When the hotel was again licensed, Alfred Triggs was the proprietor and he remained in charge until his death.  Andrew McClure then purchased the hotel and conducted it until he obtained a license for the Buttonwood Hotel, Darby, when he was succeeded by his son, William J. McClure, Jr., the present popular proprietor.
            A LANDMARK IN HISTORY – The old Union Hotel housed under its roof many of the great men of the last generation, and was noted for its hospitality.  The Post Road, on which the building faced, was opened in 1704, and was used extensively.  History tells us that John Quincy Adams, riding along the road to and from Washington always stopped at the hotel that his horses might be watered and he himself refreshed.  In 1814, when the militia of Pennsylvania was called out to repel the threatened invasion by the British army, close to 5,000 troops were encamped near Hook, and many of the officers entertained and were entertained at the old Union Hotel.  Major General Gaines, of the regular army, also had his headquarters near Hook, and he too, was a frequent visitor to the hostelry.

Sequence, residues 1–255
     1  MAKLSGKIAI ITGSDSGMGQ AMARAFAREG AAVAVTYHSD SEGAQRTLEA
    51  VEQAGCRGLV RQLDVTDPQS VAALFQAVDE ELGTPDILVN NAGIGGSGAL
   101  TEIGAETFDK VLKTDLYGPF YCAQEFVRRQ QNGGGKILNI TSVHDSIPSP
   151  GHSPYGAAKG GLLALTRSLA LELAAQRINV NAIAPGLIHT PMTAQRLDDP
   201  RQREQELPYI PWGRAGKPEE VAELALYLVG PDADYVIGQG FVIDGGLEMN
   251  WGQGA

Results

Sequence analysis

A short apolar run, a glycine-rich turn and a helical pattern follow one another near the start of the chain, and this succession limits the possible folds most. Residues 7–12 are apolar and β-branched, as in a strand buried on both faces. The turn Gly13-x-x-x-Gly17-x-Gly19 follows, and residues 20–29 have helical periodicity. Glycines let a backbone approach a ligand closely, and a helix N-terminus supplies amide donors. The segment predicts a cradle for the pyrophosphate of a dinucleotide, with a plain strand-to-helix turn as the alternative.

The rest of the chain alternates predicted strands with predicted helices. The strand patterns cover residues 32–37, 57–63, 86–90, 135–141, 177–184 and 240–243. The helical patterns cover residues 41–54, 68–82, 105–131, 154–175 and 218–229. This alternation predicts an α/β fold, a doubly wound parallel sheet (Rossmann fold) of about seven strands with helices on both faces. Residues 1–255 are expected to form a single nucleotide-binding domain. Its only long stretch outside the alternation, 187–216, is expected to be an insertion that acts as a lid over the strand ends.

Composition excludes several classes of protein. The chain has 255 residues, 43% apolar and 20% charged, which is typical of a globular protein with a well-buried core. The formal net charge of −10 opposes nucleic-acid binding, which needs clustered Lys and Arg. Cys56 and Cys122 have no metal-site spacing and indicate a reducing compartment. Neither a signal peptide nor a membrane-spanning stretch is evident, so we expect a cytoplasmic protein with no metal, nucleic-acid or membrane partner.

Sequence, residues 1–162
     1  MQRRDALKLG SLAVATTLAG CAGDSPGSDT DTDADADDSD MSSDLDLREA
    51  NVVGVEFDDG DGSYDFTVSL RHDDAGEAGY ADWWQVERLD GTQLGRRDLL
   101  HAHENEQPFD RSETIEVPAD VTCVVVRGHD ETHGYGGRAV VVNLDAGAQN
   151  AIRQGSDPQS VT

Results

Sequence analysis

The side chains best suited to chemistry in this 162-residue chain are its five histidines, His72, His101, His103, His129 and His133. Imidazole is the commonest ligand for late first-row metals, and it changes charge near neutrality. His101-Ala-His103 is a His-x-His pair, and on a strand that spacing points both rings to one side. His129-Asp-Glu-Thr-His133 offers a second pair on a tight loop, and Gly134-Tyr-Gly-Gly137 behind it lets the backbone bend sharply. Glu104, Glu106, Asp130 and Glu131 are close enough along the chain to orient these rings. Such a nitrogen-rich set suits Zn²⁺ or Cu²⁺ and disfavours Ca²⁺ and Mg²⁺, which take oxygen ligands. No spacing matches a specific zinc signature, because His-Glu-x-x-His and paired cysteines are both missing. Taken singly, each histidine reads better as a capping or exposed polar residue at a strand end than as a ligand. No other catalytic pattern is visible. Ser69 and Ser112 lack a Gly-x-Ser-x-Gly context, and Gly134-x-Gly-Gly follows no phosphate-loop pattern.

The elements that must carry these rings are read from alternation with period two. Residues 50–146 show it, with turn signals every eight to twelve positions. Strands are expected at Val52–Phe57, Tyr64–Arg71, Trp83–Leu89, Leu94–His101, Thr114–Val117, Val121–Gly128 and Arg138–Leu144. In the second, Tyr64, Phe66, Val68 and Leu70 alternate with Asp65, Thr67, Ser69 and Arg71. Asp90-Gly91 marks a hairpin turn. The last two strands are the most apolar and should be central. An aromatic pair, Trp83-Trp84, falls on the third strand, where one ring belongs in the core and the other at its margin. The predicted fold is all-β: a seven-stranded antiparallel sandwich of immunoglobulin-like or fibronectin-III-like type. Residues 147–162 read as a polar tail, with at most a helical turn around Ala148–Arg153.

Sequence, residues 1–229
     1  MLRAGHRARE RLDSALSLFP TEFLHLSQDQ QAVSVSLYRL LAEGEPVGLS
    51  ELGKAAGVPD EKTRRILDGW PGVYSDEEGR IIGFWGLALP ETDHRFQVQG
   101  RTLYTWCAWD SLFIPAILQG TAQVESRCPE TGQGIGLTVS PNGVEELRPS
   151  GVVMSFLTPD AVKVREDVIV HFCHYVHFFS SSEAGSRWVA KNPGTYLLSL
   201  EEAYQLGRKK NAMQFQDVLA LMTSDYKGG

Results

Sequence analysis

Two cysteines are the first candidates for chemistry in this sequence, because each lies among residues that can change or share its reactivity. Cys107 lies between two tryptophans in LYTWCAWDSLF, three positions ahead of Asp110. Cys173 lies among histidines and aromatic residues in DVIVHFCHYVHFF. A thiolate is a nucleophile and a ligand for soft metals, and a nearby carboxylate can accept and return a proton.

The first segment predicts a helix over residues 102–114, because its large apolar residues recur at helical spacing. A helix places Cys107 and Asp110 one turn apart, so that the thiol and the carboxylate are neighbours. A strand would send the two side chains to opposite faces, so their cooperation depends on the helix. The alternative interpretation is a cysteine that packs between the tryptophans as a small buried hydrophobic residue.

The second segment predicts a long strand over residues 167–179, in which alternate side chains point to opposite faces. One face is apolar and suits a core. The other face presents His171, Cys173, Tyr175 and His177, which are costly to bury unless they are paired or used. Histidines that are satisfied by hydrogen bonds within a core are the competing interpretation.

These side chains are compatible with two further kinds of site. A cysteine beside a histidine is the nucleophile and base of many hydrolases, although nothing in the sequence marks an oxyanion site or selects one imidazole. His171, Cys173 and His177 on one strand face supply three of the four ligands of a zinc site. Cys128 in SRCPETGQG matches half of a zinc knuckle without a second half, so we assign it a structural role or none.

The Union Hotel, with William Appleby as proprietor, in 1842, housed the principals in the duel fought by Thomas F. Marshall, a prominent member of the Twenty-seventh Congress, and Col. James Watson Webb, editor of the Courier and Enquirer of New York City, which resulted from criticism of Marshall by the paper, and which attracted considerable attention throughout the country.  The duel was arranged in Wilmington, but the authorities of that city prevented the affair taking place on Delaware soil.  The duelers drove to Linwood and as a crowd of one hundred persons followed them  from the Delaware metropolis, they stopped at the Union.  Later as a ruse, Col. Webb was rowed across the Delaware in a small boat, and believing the duel was to be fought in New Jersey, the crowd dispersed.  The wily colonel later returned to the hotel, where Marshall and his friends were comfortably housed.  An hour before daylight the next morning the principals left the hotel and proceeded to a spot just over the State line, where the duel was fought.  Col. Webb was wounded in the knee and after the duel the party returned to the hotel where breakfast was served them and the injured man attended to.
     For some years the hotel has been entirely too small to meet the increasing demands of the fast-growing borough, and although the removal of such a historic place is greatly regretted, a large and more up-to-date structure is needed and such the new hotel will be.